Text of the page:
Tuesday, May 15, 2007
Taking the plunge
So our lives not being crazy enough, last weekend we decided to buy some goldfish.
This is Katharine. She's the feisty one, who already recognizes Baby Exile as the person who feeds her and reacts accordingly.
And this is Daisy I. I employ the Roman Numeral here to denote the fact that this Daisy is already no longer with us. No sooner had we brought her and Katharine home than we noticed that our little Black Moor goldfish had a strange penchant for lying on the gravel at the bottom of the aquarium for hours on end. Tank shock, perhaps, or maybe poor Daisy was already ill when we bought her at the pet store. Whatever the reason, we spent the weekend agonizing over what we should do about our sick fish - wait it out and see if she recovered, or euthanize her so that she didn't starve to death, as she wasn't even stirring to eat by Sunday evening.
I have had fish die on me before when I kept goldfish in college, but the last time my wife had dealt with pets was when she was a little girl, so she was surprised to see how emotionally involved she had already become with Daisy after only a couple of days. Her theory is that once you name a pet, you've crossed an empathic threshold of sorts, which makes a lot of sense. In fact this is probably the same reason why old-school Greeks don't call their children by name until after they've been baptized (which can be a year or more after their birth in the Orthodox Church), so as to soften the blow if the baby should not survive.
Well, we had already named Daisy, so we had no such emotional luxury. And even though Baby Exile had already seen the Harold and the Purple Crayon episode where Harold's pet fish Goldie dies - and was exceedingly fond of it as well - we could tell that the idea that one of her goldfish might not make it was distressing her greatly. So we decided we would take the coward's way out and "cheat" death by replacing Daisy I with another Black Moor (Daisy II). Yes, I know this is standard operating procedure for parents, but even so we were left with an uncomfortable decision to make: to flush or not to flush?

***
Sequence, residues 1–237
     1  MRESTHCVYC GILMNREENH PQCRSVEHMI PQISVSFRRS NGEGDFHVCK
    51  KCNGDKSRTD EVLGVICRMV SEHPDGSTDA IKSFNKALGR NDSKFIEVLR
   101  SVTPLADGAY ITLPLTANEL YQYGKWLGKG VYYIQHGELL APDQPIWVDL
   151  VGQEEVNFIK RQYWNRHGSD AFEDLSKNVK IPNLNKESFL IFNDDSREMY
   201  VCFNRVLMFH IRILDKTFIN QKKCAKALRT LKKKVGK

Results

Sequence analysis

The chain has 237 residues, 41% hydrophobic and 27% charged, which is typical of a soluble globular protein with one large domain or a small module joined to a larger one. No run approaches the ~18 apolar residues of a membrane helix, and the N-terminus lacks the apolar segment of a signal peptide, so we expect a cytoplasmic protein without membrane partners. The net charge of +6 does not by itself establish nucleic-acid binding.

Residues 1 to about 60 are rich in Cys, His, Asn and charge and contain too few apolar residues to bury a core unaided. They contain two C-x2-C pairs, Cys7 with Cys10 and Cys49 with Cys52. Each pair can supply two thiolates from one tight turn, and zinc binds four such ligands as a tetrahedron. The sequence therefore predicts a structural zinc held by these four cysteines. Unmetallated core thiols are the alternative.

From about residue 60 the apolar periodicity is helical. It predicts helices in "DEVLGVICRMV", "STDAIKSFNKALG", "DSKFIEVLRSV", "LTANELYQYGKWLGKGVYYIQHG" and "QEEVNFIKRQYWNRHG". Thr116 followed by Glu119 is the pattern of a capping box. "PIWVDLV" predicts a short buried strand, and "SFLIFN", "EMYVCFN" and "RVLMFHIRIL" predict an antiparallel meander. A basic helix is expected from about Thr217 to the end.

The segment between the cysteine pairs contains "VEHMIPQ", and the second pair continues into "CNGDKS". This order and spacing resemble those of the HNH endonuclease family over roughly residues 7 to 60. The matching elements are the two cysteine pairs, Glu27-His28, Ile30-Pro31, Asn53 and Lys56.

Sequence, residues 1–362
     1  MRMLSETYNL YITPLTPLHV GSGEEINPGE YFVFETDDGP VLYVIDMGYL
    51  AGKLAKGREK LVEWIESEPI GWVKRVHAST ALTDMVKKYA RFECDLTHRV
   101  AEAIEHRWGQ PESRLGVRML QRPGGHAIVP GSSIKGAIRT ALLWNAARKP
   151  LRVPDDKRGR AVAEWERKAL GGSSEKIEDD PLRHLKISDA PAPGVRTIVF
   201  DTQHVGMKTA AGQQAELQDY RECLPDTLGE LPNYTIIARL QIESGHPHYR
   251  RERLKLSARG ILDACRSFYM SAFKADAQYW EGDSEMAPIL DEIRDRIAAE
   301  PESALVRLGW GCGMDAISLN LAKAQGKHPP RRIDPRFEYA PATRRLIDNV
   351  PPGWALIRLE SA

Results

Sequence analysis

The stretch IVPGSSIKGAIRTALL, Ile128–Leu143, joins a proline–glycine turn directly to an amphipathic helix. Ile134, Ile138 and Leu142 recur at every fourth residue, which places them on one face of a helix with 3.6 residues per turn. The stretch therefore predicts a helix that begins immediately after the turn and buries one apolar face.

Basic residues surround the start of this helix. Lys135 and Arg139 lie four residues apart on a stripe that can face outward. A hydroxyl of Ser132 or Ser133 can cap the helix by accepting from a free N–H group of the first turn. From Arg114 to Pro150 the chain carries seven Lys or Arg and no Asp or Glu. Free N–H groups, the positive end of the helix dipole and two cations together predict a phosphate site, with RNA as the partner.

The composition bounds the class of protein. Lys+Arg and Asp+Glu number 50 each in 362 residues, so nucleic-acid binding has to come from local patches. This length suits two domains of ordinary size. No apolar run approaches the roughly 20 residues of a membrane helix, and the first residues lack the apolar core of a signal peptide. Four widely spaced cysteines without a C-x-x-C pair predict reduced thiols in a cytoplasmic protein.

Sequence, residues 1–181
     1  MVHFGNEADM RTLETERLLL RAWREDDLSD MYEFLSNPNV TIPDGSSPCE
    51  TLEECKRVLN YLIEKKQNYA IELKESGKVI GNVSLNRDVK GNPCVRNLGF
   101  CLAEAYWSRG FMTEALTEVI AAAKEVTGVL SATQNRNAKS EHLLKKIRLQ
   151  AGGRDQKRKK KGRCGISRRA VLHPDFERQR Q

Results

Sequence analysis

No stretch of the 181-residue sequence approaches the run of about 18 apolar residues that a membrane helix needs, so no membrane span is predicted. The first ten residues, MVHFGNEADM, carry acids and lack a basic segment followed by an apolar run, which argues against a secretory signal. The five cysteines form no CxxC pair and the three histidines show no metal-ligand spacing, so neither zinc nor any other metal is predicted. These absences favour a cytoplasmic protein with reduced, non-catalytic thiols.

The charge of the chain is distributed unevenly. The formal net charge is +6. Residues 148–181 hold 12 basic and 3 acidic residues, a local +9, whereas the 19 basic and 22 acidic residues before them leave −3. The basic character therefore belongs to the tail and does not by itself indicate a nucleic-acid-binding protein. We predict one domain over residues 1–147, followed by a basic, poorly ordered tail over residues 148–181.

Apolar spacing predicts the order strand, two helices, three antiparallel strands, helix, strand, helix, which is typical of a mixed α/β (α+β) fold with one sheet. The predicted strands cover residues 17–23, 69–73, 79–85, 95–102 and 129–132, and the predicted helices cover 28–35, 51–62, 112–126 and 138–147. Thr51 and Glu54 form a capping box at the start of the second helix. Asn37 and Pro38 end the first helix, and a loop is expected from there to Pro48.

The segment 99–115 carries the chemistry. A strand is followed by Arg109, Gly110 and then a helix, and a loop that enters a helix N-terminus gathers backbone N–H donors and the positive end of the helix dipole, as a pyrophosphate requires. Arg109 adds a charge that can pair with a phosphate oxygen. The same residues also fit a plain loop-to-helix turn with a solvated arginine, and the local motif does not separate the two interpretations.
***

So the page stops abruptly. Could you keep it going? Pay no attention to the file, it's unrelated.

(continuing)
(Now actually these days the humane thing to do is not to flush a live albeit dying goldfish but to put it in a plastic bag full of cold water and a couple of ice cubes and freeze it, as since fish are cold-blooded creatures being placed in the freezer will simply cause its metabolism to slow down ever so gradually until the creature freezes to death. Apparently however some veterinarians have questioned whether this method is in fact painless or not, and claim that not only can the fish actually feel ice crystals form inside their cells but that it hurts like the dickens as well. These vets suggest poisoning a fish with a solution of clove oil and vodka, but I digress.)
Fortunately however the decision was taken out of our hands, for when I got home from the ophthalmologist's office on Monday I noticed that I couldn't find Daisy I anywhere on the floor of the fishtank. Odd. I checked the surrounding carpet only halfheartedly, as I was sure that a fish that couldn't rouse itself to eat certainly wouldn't have had the strength to leap out of the water. And sure enough, after making a second pass through the aquarium I spotted Daisy at last - her lifeless body had been sucked against the filter's black intake tube, where she was perfectly camouflaged. RIP, Daisy I (died 5/14/07).
Daisy II appears to be much livelier, and we added a third fish to the tank for good measures as well - a calico named "Doc" (no picture yet) who we said helped nurse Daisy back from her illness. Pathetic, I know, but we're new to this whole dead pet business...